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I tend to agree that the IRS form doesn't even make sense as applied to nontaxable accounts. However, I find it strange that in several hours of internet research, I have yet to find any discussion of the subject. You'd think that if it were that simple there would be a ton of advice out there cautioning potential buyers of CEF to use retirement accounts for their purchases.
I'm not sure many people realize that CEF is a PFIC.

Quote:
The IRS wasn't any help. According to its representatives, the topic goes beyond its expertise. Go figure.
When I first started investing, using a Japanese mutual fund, I actually called the IRS's Tokyo office (back when they had one) and asked them how the tax treatment would work, and they said, oh, just treat it the same as a US mutual fund. Later, when I found out about PFICs, I called them back and asked them if this applied, and they basically said, "Hmm, looks like you are right." This stuff is obscure, even to the IRS.
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Old 12-05-2007, 12:20 PM   #9
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I think Eridanus is talking about Master Limited Partnerships, not PFICs.
Just for enlightenment--PFIC is ?
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Old 12-05-2007, 04:49 PM   #10
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Just for enlightenment--PFIC is ?
Passive Foreign Investment Company: non-US-registered mutual funds, many or most non-US REITs,
and a few other types of company.
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Old 12-05-2007, 05:14 PM   #11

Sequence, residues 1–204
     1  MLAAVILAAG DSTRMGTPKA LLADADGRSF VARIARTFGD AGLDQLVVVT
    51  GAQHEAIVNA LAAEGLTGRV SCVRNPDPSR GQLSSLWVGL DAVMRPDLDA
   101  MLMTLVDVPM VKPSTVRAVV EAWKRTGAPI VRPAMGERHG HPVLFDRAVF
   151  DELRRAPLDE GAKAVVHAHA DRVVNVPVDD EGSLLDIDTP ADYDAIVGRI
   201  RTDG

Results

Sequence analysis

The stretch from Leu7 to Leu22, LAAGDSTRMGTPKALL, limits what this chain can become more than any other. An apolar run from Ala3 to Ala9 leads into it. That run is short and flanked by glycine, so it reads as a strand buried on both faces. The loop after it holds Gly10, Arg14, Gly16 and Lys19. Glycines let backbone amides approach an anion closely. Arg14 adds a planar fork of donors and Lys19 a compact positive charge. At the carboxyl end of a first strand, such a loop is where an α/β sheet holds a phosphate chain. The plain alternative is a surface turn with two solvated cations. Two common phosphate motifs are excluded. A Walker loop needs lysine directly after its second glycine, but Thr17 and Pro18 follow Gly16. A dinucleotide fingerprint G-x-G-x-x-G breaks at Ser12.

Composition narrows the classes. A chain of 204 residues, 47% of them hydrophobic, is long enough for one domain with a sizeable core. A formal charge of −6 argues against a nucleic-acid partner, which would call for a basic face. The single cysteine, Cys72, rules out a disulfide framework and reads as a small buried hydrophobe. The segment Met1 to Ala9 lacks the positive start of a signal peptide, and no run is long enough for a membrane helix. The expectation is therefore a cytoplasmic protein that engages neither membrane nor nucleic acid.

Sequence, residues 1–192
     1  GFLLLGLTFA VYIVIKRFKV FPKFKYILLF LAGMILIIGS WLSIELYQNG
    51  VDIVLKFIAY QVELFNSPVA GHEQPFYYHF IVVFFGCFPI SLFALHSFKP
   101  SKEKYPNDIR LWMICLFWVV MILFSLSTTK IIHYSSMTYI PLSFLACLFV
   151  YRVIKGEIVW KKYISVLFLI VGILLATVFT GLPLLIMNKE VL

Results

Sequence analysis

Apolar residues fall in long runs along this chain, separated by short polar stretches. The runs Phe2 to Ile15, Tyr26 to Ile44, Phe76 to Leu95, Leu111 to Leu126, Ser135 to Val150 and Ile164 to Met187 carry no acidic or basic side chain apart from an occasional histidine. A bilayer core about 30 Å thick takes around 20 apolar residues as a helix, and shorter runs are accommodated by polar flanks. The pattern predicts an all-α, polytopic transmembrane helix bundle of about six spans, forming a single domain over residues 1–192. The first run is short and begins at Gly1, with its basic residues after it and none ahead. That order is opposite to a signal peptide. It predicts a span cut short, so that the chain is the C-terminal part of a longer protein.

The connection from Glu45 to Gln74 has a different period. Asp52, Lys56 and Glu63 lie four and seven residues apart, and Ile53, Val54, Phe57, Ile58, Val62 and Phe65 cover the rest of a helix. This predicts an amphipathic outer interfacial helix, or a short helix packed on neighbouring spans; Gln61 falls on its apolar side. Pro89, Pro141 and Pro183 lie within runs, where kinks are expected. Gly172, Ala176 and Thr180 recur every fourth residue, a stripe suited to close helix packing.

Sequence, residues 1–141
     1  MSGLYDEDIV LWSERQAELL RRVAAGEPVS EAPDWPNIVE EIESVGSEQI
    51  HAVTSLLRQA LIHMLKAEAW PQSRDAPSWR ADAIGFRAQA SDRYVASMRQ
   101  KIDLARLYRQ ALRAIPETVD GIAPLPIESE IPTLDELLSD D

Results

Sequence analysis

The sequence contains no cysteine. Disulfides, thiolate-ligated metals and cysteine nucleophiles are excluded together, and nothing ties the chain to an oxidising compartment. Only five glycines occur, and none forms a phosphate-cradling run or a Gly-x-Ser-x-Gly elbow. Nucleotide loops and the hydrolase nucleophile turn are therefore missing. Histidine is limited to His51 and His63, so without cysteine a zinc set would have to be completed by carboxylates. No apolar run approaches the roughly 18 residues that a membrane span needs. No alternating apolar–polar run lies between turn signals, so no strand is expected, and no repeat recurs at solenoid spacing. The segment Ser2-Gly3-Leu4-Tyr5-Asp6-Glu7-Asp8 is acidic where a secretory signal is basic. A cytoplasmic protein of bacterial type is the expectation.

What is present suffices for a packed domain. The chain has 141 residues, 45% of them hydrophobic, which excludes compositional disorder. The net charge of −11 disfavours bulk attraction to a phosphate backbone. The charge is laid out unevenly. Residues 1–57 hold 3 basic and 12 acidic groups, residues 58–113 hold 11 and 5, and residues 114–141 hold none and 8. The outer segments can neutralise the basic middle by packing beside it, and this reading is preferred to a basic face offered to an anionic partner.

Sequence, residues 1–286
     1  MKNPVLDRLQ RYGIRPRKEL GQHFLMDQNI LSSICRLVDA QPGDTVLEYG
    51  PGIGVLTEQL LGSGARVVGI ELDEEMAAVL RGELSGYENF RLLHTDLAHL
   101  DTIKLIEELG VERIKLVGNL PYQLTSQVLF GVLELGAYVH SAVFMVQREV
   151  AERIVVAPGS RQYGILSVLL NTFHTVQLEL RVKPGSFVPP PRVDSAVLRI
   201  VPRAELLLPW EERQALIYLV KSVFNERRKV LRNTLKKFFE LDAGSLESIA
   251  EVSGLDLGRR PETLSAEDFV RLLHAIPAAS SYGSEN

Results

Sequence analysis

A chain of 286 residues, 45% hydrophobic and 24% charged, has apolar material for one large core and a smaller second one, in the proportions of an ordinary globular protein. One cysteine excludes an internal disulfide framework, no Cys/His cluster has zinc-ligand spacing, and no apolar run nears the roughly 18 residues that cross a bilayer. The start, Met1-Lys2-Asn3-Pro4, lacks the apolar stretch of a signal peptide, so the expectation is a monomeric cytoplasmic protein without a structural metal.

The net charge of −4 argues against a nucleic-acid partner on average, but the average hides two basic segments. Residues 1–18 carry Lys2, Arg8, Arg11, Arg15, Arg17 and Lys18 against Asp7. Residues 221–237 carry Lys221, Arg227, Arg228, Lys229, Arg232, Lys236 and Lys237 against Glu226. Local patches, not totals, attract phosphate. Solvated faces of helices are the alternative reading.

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bpp, doesn't it also have something to do with the type of asset that is held? As I understand it, it's the "passive" part that causes the trouble. Since shares in CEF (the Central Fund of Canada) constitute shares in physical gold and silver bullion--as opposed to shares in a company that produces something--it regrettably falls within the same suspect category as some of the creative overseas vehicles used by tax evaders and money launderers. Do I have that right?
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Old 12-05-2007, 05:56 PM   #12
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bpp, doesn't it also have something to do with the type of asset that is held? As I understand it, it's the "passive" part that causes the trouble. Since shares in CEF (the Central Fund of Canada) constitute shares in physical gold and silver bullion--as opposed to shares in a company that produces something--it regrettably falls within the same suspect category as some of the creative overseas vehicles used by tax evaders and money launderers. Do I have that right?